Mental Health

Tips for Managing Sensory Overload During the Holidays

For many, the holidays are a fun time full of family, friends, traditions, and parties. However, for some, this time of year can cause increased anxiety due to all the changes that come about during the holiday season. Children, and adults, may need extra support when their senses become overloaded by all the excitement the holidays prompt. Keep reading to learn how you can help a loved one, a close family/friend, or yourself, who may be struggling with sensory overload during the upcoming celebrations.

Sensory Overload: Definition, Triggers, and Warning Signs

Sensory overload is when the brain becomes overwhelmed by too much environmental stimulation to any of the senses (vision, hearing, smell, taste, and touch). When your brain cannot process certain stimuli, your body will react with atypical behaviors. More so, sensory overload can happen to anyone! Sensory sensitivity, however, is more likely to be seen in people who are neurodivergent compared to neurotypical people. Examples of people who are neurodivergent are those with sensory processing disorders, attention disorders, social anxiety, autism spectrum disorder, down syndrome, and more.

JCFS Chicago states that a few likely circumstances that can cause sensory overload are the following:

  • Bright lights coming from rooftops, trees, and house decorations
  • Loud music being played or sung during traditional services and parties
  • New foods at get-togethers
  • Crowded rooms
  • Gift giving
  • Different expectations regarding schedules and behavior

If you know someone who experiences sensory overload, please remain cognizant of sensory-stimulating environments and work with them (not against them) to limit exposure. If you are someone who experiences sensory overload, be aware of your triggers so you can prepare accordingly.

People who are triggered by excessive environmental stimulation will respond in ways that warn themselves, and others, that they need to take some time to calm down. HASA reported that increased physical activity, efforts to drain out sound, self-injurious behaviors, aggression towards others, outbursts/meltdowns/tantrums, and abnormal withdrawal can be warning signs of sensory overload or overstimulation. Being aware that these behaviors are responses to too many stimuli is helpful so measures can be taken to reduce overstimulation. Again, if you are the person experiencing sensory overload, communicating your needs with family and friends is imperative to an enjoyable holiday experience.

How to Avoid Sensory Overload

There are certain precautions you can take to avoid sensory-induced anxiety during holiday festivities:

  • Make a schedule
  • Knowing what’s next, and what has already happened, on days of lots of transitions can lessen anxious feelings and behaviors
  • Maintain regular sleep schedules
  • Schedule quiet time throughout the day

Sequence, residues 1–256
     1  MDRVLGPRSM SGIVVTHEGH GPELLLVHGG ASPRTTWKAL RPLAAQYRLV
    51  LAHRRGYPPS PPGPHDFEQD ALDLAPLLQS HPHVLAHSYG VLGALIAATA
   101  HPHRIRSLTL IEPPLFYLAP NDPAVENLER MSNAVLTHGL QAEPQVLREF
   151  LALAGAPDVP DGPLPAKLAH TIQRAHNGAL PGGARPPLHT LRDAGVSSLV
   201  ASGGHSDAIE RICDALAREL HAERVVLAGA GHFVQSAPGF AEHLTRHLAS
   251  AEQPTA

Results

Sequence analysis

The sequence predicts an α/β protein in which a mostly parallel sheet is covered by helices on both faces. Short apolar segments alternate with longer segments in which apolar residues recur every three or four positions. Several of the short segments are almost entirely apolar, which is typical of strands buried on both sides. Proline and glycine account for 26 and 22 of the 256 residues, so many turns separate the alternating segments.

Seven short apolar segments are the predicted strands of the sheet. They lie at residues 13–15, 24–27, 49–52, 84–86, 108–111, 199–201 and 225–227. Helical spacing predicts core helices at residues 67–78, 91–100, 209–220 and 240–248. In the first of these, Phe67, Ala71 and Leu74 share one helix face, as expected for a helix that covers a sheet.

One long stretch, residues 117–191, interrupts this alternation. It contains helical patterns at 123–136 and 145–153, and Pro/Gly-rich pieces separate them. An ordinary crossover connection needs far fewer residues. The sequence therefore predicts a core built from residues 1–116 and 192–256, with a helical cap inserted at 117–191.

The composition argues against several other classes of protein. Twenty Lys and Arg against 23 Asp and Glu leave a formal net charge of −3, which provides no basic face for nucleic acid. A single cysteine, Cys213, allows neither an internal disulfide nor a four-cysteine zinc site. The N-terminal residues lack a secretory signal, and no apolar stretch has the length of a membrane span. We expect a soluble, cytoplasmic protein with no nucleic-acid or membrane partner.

• Create a code word
    • This code word can be used to notify a trusted somebody that you need a break from a certain situation
  • Plan ahead and hold a family meeting to communicate these plans
  • Use visual schedules to prepare children for new experiences
  • Pack familiar snacks for comfort purposes
  • Keep a familiar item on hand
  • A fidget spinner, headphones, blanket, book, or tablet
  • Limit décor in your household to allow for a safe, comfortable space to come home to
  • BE FLEXIBLE!

How to Cope with Sensory Sensitivities

If, however, the above precautions are ineffective, HASA recognized the following as effective coping skills to manage sensory overload:

  • Take a few deep breaths
  • Go to a designated quiet spot
  • Reduce noise if possible
  • Step outside for fresh air
  • Take a walk
  • Tense and relax body parts that feel stiff
  • If you are the caregiver to a child who is overstimulated, another option is to give the child a gentle hug and then slowly release as an attempt to free tension from their muscles (always ask the child for consent before touching them)
  • Use mental exercises to distract from the stress
  • Name all the objects seen, count backward from 100 by 7, or draw an object with a finger

Tips for the Designated Party Thrower

If you are the person who is always responsible for throwing holiday parties, and every family/friend group has one, you have stumbled into the right place! Even if you are not aware of someone in your circle triggered by sensory overload, that does not mean that someone doesn’t experience such sensitivity. Here are some tips from JCFS Chicago to keep your party joyful this holiday season:

  • Have disposable earplugs on hand
  • Designate a room as a quiet area for noise breaks
  • Have seating options that face away from the crowd
  • Do not pressure people into eating foods they do not want to eat
  • If possible, provide space outside where people can take breaks from the inside congestion
  • Limit bright and flashy decorations
  • Keep music to a tolerable level

Remember, the holidays don’t have to be overstimulating and unenjoyable. By knowing triggers, warning signs, and effective ways to deal with sensory overload, your holidays too can be merry and bright!

Written By: Autumn Holtschlag, LPC, ALMFT

Clarity Clinic

At Clarity Clinic, we have highly trained staff who specialize in therapy and psychiatry services. To learn more about how we can support your mental health, call Clarity Clinic at (312) 815-9660 or schedule an appointment today.

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